Before sending humans to Mars, the frontiers of long-term space travel must be explored. Estimated flying time is at least a year in each direction, and the Soviet Union has the most first-hand knowledge of the demands involved. During the past two decades, the Soviets have tested the endurance of their cosmonauts on small space stations. Vladimir Tito and Moussa Manarov hold the record with a 366-day flight that ended in 1988. The longest manned American flight was three months.
``The Soviets have settled into a pattern of five-to-six-month flights,'' say Kelly Beatty, senior editor of Sky & Telescope. ``There seems to be a diminishing return in keeping people up much longer than that. It puts needless stress on the cosmonauts.''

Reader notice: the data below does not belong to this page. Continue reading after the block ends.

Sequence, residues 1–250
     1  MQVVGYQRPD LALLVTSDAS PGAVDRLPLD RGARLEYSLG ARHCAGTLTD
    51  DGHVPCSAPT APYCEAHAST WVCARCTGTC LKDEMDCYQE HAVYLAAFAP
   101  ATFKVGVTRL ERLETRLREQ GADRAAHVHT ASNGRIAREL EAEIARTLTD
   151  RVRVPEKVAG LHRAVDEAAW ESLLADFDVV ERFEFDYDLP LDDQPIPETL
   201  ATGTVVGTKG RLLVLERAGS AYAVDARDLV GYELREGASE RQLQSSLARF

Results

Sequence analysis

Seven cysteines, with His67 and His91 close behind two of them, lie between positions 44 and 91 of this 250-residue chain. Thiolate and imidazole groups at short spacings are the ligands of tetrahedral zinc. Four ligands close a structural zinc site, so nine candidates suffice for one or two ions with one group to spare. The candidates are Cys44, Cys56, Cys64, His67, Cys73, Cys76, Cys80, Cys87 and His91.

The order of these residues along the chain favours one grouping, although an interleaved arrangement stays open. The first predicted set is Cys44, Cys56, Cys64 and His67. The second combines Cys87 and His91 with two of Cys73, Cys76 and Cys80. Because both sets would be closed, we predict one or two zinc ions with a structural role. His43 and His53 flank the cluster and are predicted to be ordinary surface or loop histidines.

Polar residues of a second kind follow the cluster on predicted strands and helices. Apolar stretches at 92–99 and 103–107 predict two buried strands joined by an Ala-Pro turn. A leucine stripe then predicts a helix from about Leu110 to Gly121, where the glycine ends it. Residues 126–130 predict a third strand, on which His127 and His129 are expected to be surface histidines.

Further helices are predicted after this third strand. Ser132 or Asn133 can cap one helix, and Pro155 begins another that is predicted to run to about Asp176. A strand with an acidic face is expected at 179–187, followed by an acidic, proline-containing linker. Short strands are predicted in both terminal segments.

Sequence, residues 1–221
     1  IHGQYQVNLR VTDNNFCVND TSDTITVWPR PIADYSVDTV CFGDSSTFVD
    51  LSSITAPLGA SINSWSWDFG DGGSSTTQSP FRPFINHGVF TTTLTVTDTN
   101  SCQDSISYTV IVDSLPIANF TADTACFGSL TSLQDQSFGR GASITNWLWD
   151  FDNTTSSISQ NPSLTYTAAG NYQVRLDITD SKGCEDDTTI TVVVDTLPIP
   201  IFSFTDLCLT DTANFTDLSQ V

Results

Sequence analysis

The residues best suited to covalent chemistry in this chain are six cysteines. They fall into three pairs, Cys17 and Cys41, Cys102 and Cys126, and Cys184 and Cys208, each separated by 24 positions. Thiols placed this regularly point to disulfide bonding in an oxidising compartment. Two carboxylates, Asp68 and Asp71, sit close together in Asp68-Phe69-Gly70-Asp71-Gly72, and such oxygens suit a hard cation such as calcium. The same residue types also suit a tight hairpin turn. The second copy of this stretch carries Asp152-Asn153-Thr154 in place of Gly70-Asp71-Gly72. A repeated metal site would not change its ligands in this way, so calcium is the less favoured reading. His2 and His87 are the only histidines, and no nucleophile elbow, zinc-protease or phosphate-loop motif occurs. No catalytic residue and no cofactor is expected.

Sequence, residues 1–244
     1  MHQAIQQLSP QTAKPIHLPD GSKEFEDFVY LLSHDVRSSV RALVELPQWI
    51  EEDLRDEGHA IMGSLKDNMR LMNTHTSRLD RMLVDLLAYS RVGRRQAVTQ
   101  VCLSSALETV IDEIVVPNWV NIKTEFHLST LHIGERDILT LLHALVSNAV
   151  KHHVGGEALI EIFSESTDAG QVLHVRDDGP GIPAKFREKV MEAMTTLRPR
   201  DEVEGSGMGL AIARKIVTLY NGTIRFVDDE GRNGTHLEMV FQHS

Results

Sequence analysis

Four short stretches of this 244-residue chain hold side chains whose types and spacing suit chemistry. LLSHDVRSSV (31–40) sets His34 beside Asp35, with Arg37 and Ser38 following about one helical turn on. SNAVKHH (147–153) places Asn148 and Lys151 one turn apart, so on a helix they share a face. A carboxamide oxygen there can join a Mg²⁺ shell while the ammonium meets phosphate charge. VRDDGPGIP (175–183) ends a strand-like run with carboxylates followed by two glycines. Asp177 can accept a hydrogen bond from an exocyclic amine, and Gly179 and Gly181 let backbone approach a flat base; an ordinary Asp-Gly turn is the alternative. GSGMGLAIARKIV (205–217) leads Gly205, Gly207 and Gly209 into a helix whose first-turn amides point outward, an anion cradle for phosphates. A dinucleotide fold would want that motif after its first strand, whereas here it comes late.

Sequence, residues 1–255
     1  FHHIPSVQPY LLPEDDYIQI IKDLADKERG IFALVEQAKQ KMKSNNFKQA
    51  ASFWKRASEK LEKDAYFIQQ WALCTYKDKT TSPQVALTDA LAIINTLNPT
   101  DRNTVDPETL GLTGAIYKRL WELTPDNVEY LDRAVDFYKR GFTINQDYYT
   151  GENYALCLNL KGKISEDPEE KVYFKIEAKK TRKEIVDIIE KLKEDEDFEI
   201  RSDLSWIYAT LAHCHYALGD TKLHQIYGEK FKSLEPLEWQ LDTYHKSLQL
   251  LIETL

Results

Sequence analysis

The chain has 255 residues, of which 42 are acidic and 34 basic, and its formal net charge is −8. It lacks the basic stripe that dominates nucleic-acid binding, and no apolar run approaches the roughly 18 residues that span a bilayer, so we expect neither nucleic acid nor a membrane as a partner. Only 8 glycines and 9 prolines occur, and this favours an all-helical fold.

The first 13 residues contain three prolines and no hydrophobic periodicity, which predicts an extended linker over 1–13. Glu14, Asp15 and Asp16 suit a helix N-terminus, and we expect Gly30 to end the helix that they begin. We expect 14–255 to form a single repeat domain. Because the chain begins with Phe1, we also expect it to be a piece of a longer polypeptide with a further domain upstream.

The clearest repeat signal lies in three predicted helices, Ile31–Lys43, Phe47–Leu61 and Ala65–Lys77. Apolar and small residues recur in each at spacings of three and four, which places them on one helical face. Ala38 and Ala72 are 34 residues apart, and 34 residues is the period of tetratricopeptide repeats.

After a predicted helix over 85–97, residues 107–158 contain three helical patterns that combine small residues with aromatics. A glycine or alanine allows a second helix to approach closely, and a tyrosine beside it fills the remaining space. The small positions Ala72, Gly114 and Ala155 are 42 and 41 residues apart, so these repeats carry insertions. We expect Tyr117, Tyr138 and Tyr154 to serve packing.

According to Mr. Beatty, the Soviets have found ways to counteract the body deterioration supposed to occur in a weightless environment and now are studying the effects of long-term radiation.
Valentin Lebedev, who spent 211 days aboard Salyut 7, wrote of the mental challenges of life in space in his book, ``Diary of a Cosmonaut.'' While visiting Boston for the ``Soviet Space'' exhibit at the Museum of Science, he shared two points about crew selection for a Mars mission.
``If you have people with different interests - astrophysics, geology, biology - that would lead to a complementary situation. It would allow these people to develop and feel good about themselves throughout the whole flight.
``The members of the crew should also have good families because if they have problems at home that will disrupt relationships on the spacecraft. In their minds and their memories the crew members still live to some extent through their families. On their way back from Mars, they'll have a desire to get back together with them.''